Yogurt. I LOVE it. Some of my favorite things in life are Yoplait’s Original Vanilla yogurt and Pret a Manger’s Pret Pots. Ah, and tangy Greek yogurt with the occasional dollop of honey. I am not one for fruit-on-the-bottom. Give me plain yogurt (or maybe vanilla) and I am a very happy camper.
So when the agency that’s distributing the creative behind Chobani yogurt approached me about their product, for me, it was a no brainer. I had no food in the house anyhow, so it was time for some grocery shopping. I found some vanilla Chobani at Whole Foods in Chicago and gave it a whirl over a late-ish and odd-ish lunch. (Marcona almonds. Asparagus. Corn chips. And Chobani. Yes.)
Yoplait used to have a yellow container yogurt that I think was called custard-style although the photos I found online say Thick & Creamy. Whatever the name, it was my favorite given its denseness and richness. (This is odd because I generally dislike dense and rich things like creme brulee.) I haven’t been able to find the Yoplait yellow containers since I moved back to Chicago from the UK in August, so I think they must have discontinued this style in favor of their lighter, fluffier versions. I’m a bit bummed about this.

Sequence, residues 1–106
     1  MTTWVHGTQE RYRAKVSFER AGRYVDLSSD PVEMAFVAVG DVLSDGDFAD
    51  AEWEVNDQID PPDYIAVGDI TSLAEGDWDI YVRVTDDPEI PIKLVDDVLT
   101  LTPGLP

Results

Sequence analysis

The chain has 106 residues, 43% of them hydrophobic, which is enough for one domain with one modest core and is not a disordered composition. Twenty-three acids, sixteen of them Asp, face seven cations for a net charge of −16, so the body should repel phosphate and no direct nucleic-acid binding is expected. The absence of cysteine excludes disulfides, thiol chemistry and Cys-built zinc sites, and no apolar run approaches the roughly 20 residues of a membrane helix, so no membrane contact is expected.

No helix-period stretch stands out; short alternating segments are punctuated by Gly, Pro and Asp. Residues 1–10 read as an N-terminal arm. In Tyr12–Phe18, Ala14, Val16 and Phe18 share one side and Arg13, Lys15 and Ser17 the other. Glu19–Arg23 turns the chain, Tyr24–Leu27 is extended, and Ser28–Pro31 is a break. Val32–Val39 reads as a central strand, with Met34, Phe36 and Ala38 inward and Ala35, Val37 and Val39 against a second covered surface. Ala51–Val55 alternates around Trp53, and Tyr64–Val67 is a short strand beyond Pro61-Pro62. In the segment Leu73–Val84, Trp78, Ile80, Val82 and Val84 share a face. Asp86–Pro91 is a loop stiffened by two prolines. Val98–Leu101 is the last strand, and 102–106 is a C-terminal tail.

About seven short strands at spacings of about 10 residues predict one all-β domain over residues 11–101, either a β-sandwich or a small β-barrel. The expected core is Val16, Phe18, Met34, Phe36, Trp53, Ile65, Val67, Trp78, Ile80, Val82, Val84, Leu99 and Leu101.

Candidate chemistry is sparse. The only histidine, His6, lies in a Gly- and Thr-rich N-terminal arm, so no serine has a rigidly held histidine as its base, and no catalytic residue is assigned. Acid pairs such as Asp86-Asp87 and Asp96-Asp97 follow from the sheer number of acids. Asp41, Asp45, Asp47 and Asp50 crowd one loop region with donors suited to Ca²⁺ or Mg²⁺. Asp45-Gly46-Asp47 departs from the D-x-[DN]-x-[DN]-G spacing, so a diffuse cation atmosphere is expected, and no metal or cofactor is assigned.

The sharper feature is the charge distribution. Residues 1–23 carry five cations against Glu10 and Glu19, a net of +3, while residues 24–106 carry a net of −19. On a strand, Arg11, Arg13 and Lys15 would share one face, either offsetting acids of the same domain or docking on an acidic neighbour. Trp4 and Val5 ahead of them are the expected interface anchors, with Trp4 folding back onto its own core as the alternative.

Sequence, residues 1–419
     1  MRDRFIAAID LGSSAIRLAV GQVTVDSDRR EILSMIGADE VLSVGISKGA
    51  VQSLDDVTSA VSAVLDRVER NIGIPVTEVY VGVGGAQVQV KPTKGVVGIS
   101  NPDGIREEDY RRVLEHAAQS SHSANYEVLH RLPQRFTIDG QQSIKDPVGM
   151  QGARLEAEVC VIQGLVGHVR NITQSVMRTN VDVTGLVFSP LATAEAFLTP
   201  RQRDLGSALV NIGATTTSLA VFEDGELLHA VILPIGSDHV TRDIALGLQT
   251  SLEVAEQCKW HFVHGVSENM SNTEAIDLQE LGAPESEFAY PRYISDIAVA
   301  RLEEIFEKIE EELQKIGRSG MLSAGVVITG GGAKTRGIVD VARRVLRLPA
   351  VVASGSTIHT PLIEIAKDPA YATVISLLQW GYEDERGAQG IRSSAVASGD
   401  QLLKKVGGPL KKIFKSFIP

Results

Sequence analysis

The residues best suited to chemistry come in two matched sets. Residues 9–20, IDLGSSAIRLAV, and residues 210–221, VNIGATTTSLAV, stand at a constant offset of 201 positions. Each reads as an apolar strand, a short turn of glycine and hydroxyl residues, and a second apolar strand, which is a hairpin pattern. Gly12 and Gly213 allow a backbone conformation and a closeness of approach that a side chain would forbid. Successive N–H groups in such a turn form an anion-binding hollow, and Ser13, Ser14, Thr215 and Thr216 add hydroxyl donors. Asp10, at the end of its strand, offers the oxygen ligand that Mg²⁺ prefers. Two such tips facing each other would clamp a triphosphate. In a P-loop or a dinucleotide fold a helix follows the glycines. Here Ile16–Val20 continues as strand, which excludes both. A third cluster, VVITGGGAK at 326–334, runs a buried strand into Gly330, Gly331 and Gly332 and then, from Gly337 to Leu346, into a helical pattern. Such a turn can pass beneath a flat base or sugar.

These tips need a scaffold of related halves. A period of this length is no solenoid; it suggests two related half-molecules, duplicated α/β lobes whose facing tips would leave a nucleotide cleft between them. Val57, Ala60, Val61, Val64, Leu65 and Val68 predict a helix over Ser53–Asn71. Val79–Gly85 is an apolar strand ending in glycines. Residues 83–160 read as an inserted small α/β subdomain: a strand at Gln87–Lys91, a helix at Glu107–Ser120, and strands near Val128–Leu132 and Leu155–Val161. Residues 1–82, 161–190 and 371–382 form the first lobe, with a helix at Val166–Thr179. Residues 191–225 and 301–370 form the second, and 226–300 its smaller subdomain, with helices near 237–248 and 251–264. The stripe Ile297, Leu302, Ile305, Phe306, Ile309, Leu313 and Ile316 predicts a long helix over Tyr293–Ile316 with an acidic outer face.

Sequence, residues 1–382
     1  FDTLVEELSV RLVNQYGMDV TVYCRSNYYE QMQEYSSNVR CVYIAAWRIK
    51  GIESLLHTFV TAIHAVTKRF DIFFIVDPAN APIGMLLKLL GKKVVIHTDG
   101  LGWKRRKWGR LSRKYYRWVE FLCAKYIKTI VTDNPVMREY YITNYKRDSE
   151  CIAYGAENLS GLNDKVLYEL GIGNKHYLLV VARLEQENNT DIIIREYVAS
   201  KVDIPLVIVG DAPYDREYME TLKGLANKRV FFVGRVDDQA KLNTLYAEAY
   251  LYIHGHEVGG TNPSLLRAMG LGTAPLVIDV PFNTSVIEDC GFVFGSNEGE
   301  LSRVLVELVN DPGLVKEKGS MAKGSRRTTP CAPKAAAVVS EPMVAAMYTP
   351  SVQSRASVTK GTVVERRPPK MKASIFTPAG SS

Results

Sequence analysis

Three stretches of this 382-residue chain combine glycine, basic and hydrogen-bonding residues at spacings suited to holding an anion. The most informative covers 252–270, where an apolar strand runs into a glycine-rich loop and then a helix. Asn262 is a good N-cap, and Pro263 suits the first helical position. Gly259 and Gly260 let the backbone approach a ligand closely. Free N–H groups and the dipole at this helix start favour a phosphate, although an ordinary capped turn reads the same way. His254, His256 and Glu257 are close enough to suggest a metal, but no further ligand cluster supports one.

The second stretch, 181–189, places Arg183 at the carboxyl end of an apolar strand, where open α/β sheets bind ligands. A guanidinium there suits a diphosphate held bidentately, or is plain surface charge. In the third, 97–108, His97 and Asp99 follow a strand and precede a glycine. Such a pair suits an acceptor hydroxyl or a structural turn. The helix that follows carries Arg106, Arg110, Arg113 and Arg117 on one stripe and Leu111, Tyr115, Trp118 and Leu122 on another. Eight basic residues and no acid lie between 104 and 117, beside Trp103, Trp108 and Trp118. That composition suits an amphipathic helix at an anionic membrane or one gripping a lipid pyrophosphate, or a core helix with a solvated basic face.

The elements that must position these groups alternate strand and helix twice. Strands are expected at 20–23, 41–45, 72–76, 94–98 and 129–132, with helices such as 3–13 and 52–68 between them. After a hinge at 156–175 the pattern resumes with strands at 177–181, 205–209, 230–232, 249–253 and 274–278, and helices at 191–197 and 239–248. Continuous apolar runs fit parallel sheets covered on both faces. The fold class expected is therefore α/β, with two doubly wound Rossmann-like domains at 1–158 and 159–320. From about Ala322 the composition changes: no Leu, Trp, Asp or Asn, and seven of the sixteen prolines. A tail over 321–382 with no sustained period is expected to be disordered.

Given my love of the old Yoplait, I was immediately enamored by how thick Chobani was: hard-shake-off-the-spoon thick. Good stuff. Then there’s the tangy-ness. This is not a yogurt full of sugar or fruit or anything else to give it flavor. (OK, the nutritional information says they use evaporated cane juice.) It’s just yogurt. I like that. Add that there’s no fat, no cholesterol and only 120 calories in a 6 oz container. You can call me a convert. Need to be convinced further? Check out the video.
I’m a little upset that I haven’t been chosen to give away a case of Chobani like some other bloggers, but I’ll survive. I’m intrigued to see how that works out for them.
The Verdict: Um, yum.
The Disclosure: I was asked to write something about Chobani in return for money. I was happy to do so because I like their product. I paid for the yogurt myself in order to determine if I should write this post.
Why Sponsored Posts
Occasionally, I run sponsored posts on my Web site to help me break even. This year’s blog costs so far include the following: a year of Web hosting through December for $91; $20 worth of beer for two of the graphic designers I work with in exchange for help with my site; I still have to pay for Typepad through June which will run me $75; $150 to the graphic designer who did my banner, navbar, and background as a retainer on future tweaks. (We’ve been strategizing. I had to give him something.)
That’s $336, and it’s only February.